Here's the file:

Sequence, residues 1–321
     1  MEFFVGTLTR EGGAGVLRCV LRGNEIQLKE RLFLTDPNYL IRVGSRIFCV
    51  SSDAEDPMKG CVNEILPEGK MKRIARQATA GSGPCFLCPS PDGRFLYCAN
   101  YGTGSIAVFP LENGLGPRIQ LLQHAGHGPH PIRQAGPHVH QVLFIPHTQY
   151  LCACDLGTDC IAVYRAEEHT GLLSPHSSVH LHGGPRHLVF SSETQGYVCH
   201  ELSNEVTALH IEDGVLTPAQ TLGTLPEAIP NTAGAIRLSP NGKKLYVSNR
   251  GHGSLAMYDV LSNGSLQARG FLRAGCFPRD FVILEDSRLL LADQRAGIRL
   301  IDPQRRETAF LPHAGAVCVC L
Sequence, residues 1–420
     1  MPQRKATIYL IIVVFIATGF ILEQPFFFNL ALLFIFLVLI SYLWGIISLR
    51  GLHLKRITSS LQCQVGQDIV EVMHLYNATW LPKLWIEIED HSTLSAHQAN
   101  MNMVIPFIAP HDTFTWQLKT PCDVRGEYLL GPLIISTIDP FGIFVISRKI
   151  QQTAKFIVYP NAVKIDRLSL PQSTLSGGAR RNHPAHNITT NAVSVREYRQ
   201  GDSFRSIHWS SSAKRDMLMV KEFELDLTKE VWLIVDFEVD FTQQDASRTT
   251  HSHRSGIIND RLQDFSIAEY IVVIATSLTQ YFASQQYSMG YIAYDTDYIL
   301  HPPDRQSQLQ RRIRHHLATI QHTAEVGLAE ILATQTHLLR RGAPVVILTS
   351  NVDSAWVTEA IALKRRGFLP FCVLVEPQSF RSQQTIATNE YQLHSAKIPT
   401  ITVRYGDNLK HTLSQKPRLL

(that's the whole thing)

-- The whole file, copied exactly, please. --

Sequence, residues 1–321
     1  MEFFVGTLTR EGGAGVLRCV LRGNEIQLKE RLFLTDPNYL IRVGSRIFCV
    51  SSDAEDPMKG CVNEILPEGK MKRIARQATA GSGPCFLCPS PDGRFLYCAN
   101  YGTGSIAVFP LENGLGPRIQ LLQHAGHGPH PIRQAGPHVH QVLFIPHTQY
   151  LCACDLGTDC IAVYRAEEHT GLLSPHSSVH LHGGPRHLVF SSETQGYVCH
   201  ELSNEVTALH IEDGVLTPAQ TLGTLPEAIP NTAGAIRLSP NGKKLYVSNR
   251  GHGSLAMYDV LSNGSLQARG FLRAGCFPRD FVILEDSRLL LADQRAGIRL
   301  IDPQRRETAF LPHAGAVCVC L
Sequence, residues 1–420
     1  MPQRKATIYL IIVVFIATGF ILEQPFFFNL ALLFIFLVLI SYLWGIISLR
    51  GLHLKRITSS LQCQVGQDIV EVMHLYNATW LPKLWIEIED HSTLSAHQAN
   101  MNMVIPFIAP HDTFTWQLKT PCDVRGEYLL GPLIISTIDP FGIFVISRKI
   151  QQTAKFIVYP NAVKIDRLSL PQSTLSGGAR RNHPAHNITT NAVSVREYRQ
   201  GDSFRSIHWS SSAKRDMLMV KEFELDLTKE VWLIVDFEVD FTQQDASRTT
   251  HSHRSGIIND RLQDFSIAEY IVVIATSLTQ YFASQQYSMG YIAYDTDYIL
   301  HPPDRQSQLQ RRIRHHLATI QHTAEVGLAE ILATQTHLLR RGAPVVILTS
   351  NVDSAWVTEA IALKRRGFLP FCVLVEPQSF RSQQTIATNE YQLHSAKIPT
   401  ITVRYGDNLK HTLSQKPRLL